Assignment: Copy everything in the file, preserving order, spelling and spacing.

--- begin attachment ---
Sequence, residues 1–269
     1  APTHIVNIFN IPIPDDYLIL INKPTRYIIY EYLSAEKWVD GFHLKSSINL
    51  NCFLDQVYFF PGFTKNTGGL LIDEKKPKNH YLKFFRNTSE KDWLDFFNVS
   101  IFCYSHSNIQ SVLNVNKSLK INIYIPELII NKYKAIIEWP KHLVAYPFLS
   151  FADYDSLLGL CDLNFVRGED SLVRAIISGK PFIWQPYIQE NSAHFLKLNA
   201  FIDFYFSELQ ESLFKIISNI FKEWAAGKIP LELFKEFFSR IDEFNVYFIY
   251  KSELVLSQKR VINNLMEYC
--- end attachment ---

Sequence, residues 1–269
     1  APTHIVNIFN IPIPDDYLIL INKPTRYIIY EYLSAEKWVD GFHLKSSINL
    51  NCFLDQVYFF PGFTKNTGGL LIDEKKPKNH YLKFFRNTSE KDWLDFFNVS
   101  IFCYSHSNIQ SVLNVNKSLK INIYIPELII NKYKAIIEWP KHLVAYPFLS
   151  FADYDSLLGL CDLNFVRGED SLVRAIISGK PFIWQPYIQE NSAHFLKLNA
   201  FIDFYFSELQ ESLFKIISNI FKEWAAGKIP LELFKEFFSR IDEFNVYFIY
   251  KSELVLSQKR VINNLMEYC